How Healthcare Facilities are Approaching Reopening

The coronavirus pandemic has transformed the way that people take care of their health. Over the past year, healthcare officials have witnessed a shift toward opting for telehealth appointments when possible, delaying elective and other procedures out of safety, and showing more concern when experiencing possible COVID-related respiratory symptoms.

As healthcare facilities gear up for reopening their doors for more elective procedures and general practice in the months ahead, these are a few of the things leaders must keep in mind.

Here are a few ways to mitigate the spread of COVID-19 at your healthcare facility.

Emphasizing Telehealth Appointments When Possible
Telehealth allows patients to get the basic care they need without coming into actual contact with others. Additionally, with more and more facilities moving toward reopening, telehealth allows providers to check patients for possible COVID-19 symptoms to the best of their ability before they come in for a procedure.

With the federal government, state Medicaid programs and private insurers now offering reimbursement for telehealth programs, healthcare providers should consider this their first option in providing much-needed care to their community.

Implementing a Testing Plan for Incoming Patients
Although telehealth has grown by leaps and bounds since the start of the pandemic, there are some areas where it still falls short. In these cases, patients will have to come in for in-person treatments and procedures.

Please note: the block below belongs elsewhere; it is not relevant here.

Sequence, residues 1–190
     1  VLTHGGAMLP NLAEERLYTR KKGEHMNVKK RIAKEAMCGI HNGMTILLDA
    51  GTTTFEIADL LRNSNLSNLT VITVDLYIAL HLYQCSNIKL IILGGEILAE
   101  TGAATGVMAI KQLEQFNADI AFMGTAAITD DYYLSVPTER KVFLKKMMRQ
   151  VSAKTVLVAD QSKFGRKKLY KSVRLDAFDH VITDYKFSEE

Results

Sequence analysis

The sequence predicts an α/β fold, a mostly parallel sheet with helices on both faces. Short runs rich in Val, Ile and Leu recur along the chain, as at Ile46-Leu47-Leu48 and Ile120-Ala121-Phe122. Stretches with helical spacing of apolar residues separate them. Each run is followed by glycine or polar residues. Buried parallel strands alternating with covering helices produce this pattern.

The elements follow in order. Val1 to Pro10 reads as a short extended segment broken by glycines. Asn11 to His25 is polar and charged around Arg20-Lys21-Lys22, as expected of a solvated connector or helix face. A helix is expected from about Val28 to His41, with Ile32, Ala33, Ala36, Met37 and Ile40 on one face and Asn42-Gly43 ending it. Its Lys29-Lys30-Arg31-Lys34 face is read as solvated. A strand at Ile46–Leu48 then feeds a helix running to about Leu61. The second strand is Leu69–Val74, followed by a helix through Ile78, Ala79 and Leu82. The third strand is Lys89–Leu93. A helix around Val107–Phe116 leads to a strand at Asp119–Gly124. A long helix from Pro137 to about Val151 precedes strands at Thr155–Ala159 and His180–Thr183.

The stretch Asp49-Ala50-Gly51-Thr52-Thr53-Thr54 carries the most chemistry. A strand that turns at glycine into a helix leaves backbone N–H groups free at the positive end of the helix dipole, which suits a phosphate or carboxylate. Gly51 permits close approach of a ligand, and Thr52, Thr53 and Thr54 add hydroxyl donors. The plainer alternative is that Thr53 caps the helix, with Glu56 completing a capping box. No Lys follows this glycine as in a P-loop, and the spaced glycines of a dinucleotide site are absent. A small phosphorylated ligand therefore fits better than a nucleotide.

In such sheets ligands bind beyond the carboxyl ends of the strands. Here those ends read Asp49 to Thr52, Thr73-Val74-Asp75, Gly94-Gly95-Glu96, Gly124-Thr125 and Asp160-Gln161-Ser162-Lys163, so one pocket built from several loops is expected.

A survey conducted by Deloitte in June 2020 found that COVID testing was the biggest area that healthcare leaders wanted to strengthen before resuming postponed procedures. Implementing a pragmatic COVID testing plan for in-person patients will limit the risk of transmission within the facility.

Consider having patients tested within 72 hours before their procedure and then self-isolating for the remainder of the time. Note that this initiative will require coordinating with local testing sites as well as educating patients on the guidelines to follow before their procedure.

Maintaining CDC Public Health Guidelines
Many reopened facilities have already incorporated these guidelines, but it’s important to reassess each facility’s plan against the latest guidelines from federal and local government officials.

Healthcare leaders will want to regulate the number of people in the facility at all times. Limit the number of visitors to those that are absolutely needed for patient care and restrict them from visiting areas they are not supposed to.

Have visitors and caregivers maintain a physical distance of six feet or more as much as possible and enforce the wearing of face masks at all times. Put up signs throughout the facility reminding people of public health best practices.

On the facility side, make sure that the facility is thoroughly cleaned and disinfected regularly, especially high-traffic areas and surfaces. Leadership teams will also want to conduct regular assessments of their safety plan to see where improvements can be made.

Champion: Taking the Next Step in Patient Care
Patients will want to come in for their in-person procedures as soon as it’s safe to do so, especially if those treatments are critical to maintaining their health.

Reduce the risk of transmission in healthcare facilities with Champion’s new Transmission Barrier. This new accessory can be easily installed on Champion chairs from the Classic, Ascent, Ascent II, and Alō lines and can also be moved to any position as needed by caregivers.

Learn more about Champion’s Transmission Barrier here.